The past two years were challenging for bond investors, but there are reasons to believe that most of the pain from the rout is in the past. The bond market’s valuation, fundamentals, and capacity to handle negative events have all improved.
When thinking about bond valuations, real yields, or expected yields in excess of inflation, provide a better gauge of value than nominal yields. Real 10-year U.S. yields, which were in negative territory from January 2020 through May of 2022, are presently almost 2%, their highest level in fourteen years.
Inflation and monetary policy are important factors in bond market fundamentals. Year-over-year Inflation, which peaked around 9% has fallen to about 3%. All indications are that the Federal Reserve is nearing the end of its tightening cycle.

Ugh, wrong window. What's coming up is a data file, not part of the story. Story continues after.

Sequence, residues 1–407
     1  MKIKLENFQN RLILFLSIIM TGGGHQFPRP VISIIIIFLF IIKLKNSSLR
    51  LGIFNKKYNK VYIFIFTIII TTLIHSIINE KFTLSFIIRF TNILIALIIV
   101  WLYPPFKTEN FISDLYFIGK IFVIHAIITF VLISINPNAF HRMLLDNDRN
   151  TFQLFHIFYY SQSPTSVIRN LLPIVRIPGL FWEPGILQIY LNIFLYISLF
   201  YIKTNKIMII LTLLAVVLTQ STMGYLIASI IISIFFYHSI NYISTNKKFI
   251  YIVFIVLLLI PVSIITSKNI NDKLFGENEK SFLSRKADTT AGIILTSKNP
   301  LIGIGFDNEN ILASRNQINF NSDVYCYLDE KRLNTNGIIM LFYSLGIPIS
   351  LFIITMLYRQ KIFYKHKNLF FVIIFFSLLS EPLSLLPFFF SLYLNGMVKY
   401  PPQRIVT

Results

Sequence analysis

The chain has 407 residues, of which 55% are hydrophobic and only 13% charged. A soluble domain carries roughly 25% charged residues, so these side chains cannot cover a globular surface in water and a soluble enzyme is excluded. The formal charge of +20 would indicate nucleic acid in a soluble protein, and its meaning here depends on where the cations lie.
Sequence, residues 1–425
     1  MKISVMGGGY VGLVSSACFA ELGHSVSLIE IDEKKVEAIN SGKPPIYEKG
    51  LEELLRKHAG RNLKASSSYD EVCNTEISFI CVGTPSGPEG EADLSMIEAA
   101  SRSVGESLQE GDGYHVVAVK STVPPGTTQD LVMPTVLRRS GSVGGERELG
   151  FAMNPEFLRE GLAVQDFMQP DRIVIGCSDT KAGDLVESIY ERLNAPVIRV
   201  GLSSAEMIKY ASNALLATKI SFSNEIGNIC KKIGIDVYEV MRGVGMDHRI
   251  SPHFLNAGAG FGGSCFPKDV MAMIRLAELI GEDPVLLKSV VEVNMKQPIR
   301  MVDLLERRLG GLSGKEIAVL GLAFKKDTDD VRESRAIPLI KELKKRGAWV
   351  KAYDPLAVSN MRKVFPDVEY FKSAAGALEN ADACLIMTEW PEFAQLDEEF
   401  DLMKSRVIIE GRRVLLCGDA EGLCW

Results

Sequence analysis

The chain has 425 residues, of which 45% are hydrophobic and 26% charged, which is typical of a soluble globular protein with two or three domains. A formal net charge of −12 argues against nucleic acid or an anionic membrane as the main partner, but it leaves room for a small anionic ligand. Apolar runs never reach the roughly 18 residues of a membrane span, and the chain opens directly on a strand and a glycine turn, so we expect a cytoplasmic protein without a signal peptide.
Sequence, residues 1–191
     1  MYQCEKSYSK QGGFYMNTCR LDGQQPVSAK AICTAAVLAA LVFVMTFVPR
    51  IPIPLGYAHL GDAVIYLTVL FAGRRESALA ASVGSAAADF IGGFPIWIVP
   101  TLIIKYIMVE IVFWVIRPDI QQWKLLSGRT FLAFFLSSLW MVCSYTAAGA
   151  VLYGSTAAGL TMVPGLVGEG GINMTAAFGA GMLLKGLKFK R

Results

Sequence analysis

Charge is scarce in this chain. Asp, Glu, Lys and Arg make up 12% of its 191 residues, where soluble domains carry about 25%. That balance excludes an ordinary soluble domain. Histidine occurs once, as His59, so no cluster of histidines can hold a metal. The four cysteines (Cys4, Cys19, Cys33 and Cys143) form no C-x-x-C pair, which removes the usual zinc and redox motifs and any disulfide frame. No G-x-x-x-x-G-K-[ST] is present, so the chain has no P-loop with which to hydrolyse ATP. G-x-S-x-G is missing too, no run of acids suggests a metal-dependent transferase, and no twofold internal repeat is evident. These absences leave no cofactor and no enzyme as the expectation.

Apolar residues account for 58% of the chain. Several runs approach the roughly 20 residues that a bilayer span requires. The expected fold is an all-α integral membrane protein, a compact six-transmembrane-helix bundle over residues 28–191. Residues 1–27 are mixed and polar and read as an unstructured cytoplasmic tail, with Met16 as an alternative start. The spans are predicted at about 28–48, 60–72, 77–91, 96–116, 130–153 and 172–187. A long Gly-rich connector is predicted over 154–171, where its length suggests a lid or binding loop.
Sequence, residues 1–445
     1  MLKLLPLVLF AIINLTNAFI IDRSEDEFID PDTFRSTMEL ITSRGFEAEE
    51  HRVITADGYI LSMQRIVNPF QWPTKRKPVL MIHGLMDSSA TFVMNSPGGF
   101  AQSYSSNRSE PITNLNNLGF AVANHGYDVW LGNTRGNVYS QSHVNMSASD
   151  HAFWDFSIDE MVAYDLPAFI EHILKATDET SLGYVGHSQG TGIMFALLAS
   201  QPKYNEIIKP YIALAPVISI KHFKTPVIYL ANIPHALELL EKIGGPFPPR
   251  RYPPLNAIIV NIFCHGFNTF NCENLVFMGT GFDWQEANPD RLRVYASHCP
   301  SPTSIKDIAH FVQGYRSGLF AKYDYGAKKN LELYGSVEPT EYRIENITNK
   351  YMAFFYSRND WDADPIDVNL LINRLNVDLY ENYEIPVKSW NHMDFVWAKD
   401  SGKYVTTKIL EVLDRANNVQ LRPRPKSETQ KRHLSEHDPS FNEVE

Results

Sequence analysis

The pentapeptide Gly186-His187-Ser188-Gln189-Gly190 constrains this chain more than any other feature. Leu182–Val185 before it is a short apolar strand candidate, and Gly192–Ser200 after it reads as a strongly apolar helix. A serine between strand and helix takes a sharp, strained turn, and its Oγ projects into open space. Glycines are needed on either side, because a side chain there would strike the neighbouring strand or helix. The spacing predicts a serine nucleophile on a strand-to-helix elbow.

The probability of negative returns for bond investors has been reduced. As the table shows, the average prices of high-quality bonds are below par, which lowers the amount of principal at risk. In addition, higher starting yields provide a cushion against the negative impact on prices if rates were to increase.
Bond bears can point to large, expected Treasury issuance, potential negative credit events, or sticky inflation as risks to the market. Those are valid risks to consider, but the bond market is better positioned to weather those risks and has the potential to produce strong gains if rates have peaked.